Jega also spoke on the machines that are available, saying; "With regards to the machine that are available, it is true that there are machines that are available but we have been in INEC now for 29 days and it is difficult to have a clearer appreciation of how many machines are there and out of this machine how many are actually functional. We also know that the briefing we have received, that some of the equipments that were procured in 2006 are substandard and we also know for a fact that equipment such as laptops has a life span of not more than five years, even under optimum circumstances, if they are five years old you should replaced them.

"Taking all of these into consideration we feel that if we don’t want to run into the same problem that the previous exercise had ran into where you deployed equipment and then there are problems of either the soft ware’s or the finger printing or the web camera we felt that we don’t even know the number that is serviceable that can be used, we felt that the best thing is to plan for fresh procurement.

On preparations by the commission, the INEC boss said; "We are operating under a very tight frame, the way we are thinking now as a commission is that if the funding requirements are made available latest by the August 11, which is the second week of August, we will be able to initiate a procurement process. Under very tight time frame, but it is possible that we can procure all the 120,000 units of direct captured machines which we need and we will be able to prepare for the training, for the deployment, for the production of all the necessary materials as well as the voters education.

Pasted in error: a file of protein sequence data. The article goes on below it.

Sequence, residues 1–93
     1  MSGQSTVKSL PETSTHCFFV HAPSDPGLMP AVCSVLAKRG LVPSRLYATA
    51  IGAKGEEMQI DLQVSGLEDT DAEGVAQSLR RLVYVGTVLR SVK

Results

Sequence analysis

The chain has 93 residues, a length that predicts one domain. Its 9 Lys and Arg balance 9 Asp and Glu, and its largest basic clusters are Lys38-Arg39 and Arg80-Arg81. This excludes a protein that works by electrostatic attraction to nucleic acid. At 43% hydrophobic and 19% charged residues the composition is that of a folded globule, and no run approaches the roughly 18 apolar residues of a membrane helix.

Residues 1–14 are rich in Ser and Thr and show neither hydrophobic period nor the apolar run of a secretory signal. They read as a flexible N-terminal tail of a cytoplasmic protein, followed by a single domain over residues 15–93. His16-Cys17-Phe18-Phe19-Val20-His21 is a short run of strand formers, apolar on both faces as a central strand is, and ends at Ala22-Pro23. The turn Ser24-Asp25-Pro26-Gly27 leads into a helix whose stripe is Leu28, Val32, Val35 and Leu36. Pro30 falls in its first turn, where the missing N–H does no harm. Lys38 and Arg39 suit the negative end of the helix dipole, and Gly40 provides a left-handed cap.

"We are hoping that latest by the third week of October we should be able to deploy all of these equipment and the personnel who are appropriately trained to be able to undertake this voters registration, so that latest by the last week of October we can commence the registration and we will finish it by the end of the first week of November.

"We are deploying 120,000 units because we do not have time. Giving the time that we have in order to ensure a quality job is done, we believe that only option available to us is to ensure that we procure adequate number of equipment, direct captured machines, deployed them and then we used them to capture", he stated.

However, Jega assured that the commission would conduct very transparent, accountable and free and fair elections in 2011.

"I can guarantee Mr. Chairman and other members of the Committee that whatever we do we will be very transparent, accountable and there will be no problems In terms of following due process, both in the procurement and the actual deployment of resources for this exercise," he added.

Nonetheless, Jega said it is better to assume the worst and prepare for it.

"For purposes of planning given the time frame, we just have to assume the worse and we have to prepare for the worse and that means that we have to procure new machines directly with a better soft ware’s and with a better component than the ones that were procured earlier on. Transportation is very important in logistics. So we’ve done computation on all of these, we used about four days during the retreat that we had in Uyo in other to really be very detailed in the computation of these cost elements," he further said.